The top UN gender equality official said on Tuesday that more must be done to fight violence against women and to achieve gender equality.
UN Women’s Executive Director Phumzile Mlambo-Ngcuka expressed cautious optimism ahead of the next year’s 25th anniversary of the conference that adopted the only international platform to achieve women’s rights and empowerment.
She pointed out, however, that “right now, there is not a single country that has achieved gender equality.”
Mlambo-Ngcuka also noted that women and girls continue to suffer discrimination and violence in every part of the world.
The 150-page platform for action to achieve gender equality was adopted by 189 governments at the 1995 Beijing women’s conference.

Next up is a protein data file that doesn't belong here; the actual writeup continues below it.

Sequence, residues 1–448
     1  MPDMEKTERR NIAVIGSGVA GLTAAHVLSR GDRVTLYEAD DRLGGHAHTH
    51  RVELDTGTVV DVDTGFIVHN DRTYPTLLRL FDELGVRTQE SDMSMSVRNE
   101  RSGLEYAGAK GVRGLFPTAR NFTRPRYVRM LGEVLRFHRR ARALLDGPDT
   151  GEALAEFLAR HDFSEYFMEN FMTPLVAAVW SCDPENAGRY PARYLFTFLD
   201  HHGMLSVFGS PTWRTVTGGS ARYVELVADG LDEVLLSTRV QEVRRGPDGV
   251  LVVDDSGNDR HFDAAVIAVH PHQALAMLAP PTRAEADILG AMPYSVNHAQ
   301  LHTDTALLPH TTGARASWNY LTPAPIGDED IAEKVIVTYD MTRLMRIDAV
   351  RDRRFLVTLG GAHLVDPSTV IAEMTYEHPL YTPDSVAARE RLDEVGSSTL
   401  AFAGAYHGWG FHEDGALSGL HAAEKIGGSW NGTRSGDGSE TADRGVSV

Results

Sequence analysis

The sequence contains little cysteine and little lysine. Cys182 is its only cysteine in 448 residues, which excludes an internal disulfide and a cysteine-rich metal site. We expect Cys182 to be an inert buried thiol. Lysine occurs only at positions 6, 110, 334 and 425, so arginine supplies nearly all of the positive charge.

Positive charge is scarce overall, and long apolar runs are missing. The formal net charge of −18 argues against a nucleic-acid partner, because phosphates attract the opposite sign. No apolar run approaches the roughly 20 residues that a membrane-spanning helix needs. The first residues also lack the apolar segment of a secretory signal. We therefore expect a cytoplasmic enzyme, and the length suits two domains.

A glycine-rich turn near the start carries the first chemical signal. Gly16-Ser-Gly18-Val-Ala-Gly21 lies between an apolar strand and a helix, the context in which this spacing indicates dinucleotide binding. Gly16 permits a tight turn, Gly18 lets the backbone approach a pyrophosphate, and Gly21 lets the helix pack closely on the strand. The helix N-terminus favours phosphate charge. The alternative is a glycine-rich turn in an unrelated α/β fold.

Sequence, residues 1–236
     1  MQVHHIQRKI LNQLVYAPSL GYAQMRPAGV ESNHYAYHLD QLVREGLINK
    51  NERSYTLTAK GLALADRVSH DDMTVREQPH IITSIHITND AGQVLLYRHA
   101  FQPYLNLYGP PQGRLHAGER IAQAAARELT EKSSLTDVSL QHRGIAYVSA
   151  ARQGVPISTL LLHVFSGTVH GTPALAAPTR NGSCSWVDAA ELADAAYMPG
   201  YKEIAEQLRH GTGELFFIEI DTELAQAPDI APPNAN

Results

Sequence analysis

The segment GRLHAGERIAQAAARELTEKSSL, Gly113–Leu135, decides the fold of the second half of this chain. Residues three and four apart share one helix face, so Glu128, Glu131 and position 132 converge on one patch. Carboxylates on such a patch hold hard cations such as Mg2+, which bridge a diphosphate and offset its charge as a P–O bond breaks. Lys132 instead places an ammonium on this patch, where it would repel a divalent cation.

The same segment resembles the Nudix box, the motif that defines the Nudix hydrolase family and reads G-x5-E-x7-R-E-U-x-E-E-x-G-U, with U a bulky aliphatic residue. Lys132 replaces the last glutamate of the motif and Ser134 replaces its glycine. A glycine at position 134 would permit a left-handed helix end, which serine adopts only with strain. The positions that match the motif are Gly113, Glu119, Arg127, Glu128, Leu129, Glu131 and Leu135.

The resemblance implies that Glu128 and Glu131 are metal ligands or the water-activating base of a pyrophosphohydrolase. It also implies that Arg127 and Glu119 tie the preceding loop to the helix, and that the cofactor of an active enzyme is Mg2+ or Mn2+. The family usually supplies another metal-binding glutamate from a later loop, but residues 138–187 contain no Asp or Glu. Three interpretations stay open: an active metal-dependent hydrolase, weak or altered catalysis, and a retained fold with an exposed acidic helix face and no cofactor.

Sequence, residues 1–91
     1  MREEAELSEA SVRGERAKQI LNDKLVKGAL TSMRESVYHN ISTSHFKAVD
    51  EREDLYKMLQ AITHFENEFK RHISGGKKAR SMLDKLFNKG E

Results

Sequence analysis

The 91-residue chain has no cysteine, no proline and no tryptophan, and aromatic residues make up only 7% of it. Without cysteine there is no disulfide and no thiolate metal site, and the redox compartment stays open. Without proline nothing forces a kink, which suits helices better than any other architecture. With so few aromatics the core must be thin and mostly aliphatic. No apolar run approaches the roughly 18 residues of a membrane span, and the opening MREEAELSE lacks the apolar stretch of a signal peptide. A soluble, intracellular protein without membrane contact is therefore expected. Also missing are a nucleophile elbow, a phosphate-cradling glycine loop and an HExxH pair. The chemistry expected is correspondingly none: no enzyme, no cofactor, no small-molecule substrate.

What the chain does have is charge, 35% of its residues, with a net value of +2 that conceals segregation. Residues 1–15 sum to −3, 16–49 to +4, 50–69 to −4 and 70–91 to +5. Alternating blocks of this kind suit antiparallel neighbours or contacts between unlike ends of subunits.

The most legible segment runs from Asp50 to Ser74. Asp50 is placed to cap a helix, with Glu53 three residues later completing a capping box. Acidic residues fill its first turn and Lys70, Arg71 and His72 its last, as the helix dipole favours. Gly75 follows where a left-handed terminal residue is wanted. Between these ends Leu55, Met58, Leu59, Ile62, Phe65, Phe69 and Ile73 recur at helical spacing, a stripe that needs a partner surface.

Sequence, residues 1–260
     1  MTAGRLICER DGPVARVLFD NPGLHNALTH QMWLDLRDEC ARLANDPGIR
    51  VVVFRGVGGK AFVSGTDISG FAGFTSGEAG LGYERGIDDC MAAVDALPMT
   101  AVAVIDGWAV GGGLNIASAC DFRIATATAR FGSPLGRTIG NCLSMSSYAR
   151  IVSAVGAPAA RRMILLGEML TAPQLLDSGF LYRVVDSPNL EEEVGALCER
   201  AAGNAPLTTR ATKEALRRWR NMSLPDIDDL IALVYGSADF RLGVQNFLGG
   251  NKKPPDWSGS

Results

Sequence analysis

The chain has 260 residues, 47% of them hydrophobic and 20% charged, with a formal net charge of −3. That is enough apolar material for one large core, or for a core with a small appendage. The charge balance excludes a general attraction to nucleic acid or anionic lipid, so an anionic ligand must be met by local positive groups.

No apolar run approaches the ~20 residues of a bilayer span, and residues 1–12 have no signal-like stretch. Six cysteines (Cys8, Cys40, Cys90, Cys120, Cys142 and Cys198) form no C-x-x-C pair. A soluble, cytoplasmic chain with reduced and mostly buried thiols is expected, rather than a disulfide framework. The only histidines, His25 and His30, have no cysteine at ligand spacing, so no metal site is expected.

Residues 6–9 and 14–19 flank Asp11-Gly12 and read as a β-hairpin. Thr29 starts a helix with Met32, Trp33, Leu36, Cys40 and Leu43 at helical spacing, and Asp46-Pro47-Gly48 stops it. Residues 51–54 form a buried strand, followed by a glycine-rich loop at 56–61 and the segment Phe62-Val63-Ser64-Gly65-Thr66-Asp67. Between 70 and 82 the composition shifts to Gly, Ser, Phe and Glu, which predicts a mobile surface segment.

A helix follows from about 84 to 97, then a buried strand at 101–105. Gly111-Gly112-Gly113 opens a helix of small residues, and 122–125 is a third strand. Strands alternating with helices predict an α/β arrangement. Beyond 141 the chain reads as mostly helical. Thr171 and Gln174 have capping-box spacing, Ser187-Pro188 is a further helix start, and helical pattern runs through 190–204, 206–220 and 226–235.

Mlambo-Ngcuka said that the platform has pushed countries around the world to create specific laws and government bodies dedicated to addressing the issue.
She also praised the #MeToo movement, saying she hopes it continues and dismissing any notion that it unfairly victimizes men.
She said any backlash against the movement “just shows how much the world has not understood the pain of women.”